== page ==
HEZEKIAH MILLER - Hezekiah Miller was well known throughout central Illinois as an educator of ability and many now successful business men acknowledge their indebtedness to him, not only for mental training, but also for the stimulus which he gave to their energy and ambition. He settled in Sangamon county in 1865 and his worth as a citizen was soon demonstrated. Mr. Miller was born in Maryland, his parents being Henry and Eve Miller, who were also natives of that state. Subsequently they removed to Ohio, settling near Urbana upon a tract of land on which the father engaged in farming. Both he and his wife continued to reside in the Buckeye state until their life's labor was ended in death.
Hezekiah Miller obtained a good education in the public schools of Urbana, Ohio, and displayed special aptitude for his studies. After he had completed his course there he began teaching in the common schools of that city and was thus employed until 1865, when he came west with his family, establishing his home in Williamsville, Sangamon county, Illinois. For a few years he was engaged in teaching in the district schools near that place and was then elected principal of the schools in Williamsville, occupying that position continuously until his death. In his work he followed advanced ideas, and was always desirous of gaining new ideas that would make his labors as an educator of more practical value to the students who came under his care.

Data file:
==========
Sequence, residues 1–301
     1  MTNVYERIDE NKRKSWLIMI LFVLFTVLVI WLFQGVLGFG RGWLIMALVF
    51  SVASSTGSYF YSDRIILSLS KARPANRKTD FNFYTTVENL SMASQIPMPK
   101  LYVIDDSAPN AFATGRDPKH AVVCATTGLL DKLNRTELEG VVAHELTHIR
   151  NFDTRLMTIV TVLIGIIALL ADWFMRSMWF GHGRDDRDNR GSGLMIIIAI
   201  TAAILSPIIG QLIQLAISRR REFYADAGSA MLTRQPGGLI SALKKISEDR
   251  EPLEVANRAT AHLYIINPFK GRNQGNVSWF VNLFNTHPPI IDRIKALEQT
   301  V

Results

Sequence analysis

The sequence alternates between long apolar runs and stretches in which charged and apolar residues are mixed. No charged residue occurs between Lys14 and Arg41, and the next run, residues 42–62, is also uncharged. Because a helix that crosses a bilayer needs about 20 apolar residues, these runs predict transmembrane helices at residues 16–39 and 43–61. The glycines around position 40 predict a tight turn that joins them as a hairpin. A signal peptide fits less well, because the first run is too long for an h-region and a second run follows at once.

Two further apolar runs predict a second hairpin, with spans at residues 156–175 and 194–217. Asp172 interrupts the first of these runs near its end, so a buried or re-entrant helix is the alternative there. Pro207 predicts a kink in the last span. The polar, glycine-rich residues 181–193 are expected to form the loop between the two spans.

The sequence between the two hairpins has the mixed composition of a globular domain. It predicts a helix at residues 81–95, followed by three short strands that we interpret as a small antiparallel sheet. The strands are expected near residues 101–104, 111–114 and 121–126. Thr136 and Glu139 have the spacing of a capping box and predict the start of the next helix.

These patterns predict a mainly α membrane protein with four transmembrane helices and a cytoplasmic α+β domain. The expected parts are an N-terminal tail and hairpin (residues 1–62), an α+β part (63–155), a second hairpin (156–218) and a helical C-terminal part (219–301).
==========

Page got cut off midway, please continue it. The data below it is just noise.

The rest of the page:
Ere his removal from Champaign county, Ohio, Mr. Miller was united in marriage to Miss Elizabeth A. Cavanaugh, who was born in that county, a daughter of Samuel and Margaret (Hanger) Cavanaugh. Her father was a farmer by occupation and resided in Champaign county until his death, which occurred in 1893. His widow still survives him and is now more than eighty years of age. She makes her home with a daughter on the old farm in Champaign county, where she and her husband located so many years ago. Eight children were born unto Mr. and Mrs. Miller, five of whom are now living: Lewis H., a resident of Chicago, is employed by the Western Union Telegraph Company. Marjorie and Fannie are twins and the former, residing with her mother, is a teacher in the public schools of Sangamon county, while Fannie, also at home, is employed as a stenographer. Martha is a stenographer, occupying a position in Springfield. George is a printer by trade. With the exception of the first named all are still with Mrs. Miller. Three of the children have passed away.
Mr. Miller was a very intelligent man and his scholarly attainments, broad mind and great sympathy made him highly respected throughout the community. While he possessed decided views he nevertheless displayed deference for the opinions of others and his genial and courteous manner made him popular with a large circle of friends. He died in Williamsville, April 10, 1885. After the death of her husband Mrs. Miller removed with her family to Springfield and purchased a pleasant home at No. 816 East Edwards street, where she and her children now reside. She is a member of the First Methodist Episcopal church of Springfield and Mr. Miller was also a devoted adherent of the same denomination.